Training GPs to ask person-focused questions in appointments could empower frequent attenders, reducing the need for regular consultations and saving money, a study has found.
The cluster randomised feasibility trial, published in BJGP Open, was based on six practices in Bristol, in the west of England.
The researchers, from Bristol Medical School, the University of the West of England, Frome Valley Medical Centre and the NIHR CLAHRC West, identified the top 3% of frequent attenders at each practice in the study, and selected an eligible sample for the trial.
Participating GPs were trained to use BATHE, a consultation method which uses a series of linked questions to understand the context of health problems, empower self-management, and improve patient-GP relationships (see box).
Reception staff attempted to match patients with a single GP during the trial, and encouraged phone consultations. The GPs were asked to use BATHE techniques in they appointments with frequent attenders.
The study found an improvement in patient self-management and a 5.6% reduction in consultation rates compared to the controls.
The paper concluded that ‘GPs reported BATHE to be a helpful tool to structure discussion about the wider context to patients’ problems and gave examples of it yielding new insights, even from patients they felt they knew well.’
But though ‘patients were positive about the intervention’, they ‘noticed little change in their care’, it added.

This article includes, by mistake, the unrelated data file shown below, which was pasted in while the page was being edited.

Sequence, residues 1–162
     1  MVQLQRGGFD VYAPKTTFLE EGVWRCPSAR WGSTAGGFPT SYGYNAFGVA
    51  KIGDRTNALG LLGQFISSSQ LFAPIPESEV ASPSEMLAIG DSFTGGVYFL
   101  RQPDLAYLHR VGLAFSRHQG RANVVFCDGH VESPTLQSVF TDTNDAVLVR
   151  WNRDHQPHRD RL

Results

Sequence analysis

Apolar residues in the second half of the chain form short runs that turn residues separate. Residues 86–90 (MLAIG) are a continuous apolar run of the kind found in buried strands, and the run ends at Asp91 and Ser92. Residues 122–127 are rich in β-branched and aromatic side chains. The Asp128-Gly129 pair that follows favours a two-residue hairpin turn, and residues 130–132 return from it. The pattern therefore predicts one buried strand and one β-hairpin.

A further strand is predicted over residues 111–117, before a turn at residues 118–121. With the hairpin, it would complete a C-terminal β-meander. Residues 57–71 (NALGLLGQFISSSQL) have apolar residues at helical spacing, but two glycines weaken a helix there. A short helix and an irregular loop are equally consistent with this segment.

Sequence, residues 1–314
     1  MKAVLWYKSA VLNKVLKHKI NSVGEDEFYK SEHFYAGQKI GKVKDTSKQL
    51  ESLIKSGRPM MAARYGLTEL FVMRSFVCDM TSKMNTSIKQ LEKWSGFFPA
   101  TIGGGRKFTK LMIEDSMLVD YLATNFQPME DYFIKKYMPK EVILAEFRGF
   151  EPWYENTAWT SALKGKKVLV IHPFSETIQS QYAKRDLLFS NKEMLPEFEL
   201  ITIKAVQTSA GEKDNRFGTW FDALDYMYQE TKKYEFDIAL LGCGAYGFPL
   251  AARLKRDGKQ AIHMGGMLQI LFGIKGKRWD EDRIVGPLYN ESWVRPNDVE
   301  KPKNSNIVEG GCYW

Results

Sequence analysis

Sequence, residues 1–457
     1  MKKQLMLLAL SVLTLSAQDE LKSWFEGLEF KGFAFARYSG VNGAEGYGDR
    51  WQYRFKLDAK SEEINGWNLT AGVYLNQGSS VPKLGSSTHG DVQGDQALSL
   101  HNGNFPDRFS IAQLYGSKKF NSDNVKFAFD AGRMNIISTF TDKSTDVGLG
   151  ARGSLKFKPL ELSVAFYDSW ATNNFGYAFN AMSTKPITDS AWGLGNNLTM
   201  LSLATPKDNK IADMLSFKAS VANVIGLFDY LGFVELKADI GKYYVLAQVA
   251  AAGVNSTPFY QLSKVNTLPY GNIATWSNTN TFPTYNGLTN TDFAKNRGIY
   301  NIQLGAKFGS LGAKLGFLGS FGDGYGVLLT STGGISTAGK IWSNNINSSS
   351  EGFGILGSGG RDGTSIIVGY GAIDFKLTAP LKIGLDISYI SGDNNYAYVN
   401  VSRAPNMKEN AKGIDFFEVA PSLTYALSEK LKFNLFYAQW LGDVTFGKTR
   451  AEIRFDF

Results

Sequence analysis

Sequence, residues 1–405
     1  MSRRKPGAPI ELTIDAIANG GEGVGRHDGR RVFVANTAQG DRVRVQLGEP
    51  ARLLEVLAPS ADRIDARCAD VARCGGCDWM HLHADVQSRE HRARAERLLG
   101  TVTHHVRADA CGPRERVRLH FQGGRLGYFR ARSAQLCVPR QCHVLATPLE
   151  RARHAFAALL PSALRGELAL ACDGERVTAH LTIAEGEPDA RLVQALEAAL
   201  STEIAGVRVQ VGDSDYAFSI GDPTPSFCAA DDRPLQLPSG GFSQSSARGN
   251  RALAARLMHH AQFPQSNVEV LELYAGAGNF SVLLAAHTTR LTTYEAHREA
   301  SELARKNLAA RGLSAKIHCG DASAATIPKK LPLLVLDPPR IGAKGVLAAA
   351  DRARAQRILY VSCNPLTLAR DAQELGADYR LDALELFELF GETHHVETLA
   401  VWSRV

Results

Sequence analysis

There were also difficulties matching patients with the same GP throughout the study, and in ensuring that GPs used BATHE correctly.
The study concluded that ‘if a strategy were put in place to address key barriers to uptake, this intervention could be associated with increased support for patient self-management, lower consultation rates, and cost savings’.
What is the BATHE consultation technique?
BATHE is an acronym pertaining to a series of four linked questions and a closing statement as given below:
B = Background
Question 1. What is going on in your life?
A = Affect
Question 2. How do you feel about that?
T = Trouble
Question 3. What about the situation troubles you the most?
H = Handling
Question 4. How are you handling that?
E = Empathy
Closing Statement. That must be difficult for you (or something of an appropriately similar nature).
Source: A consultation-level intervention to improve care of frequently attending patients: a cluster randomised controlled feasibility trial; BJGP Open; 8 January 2019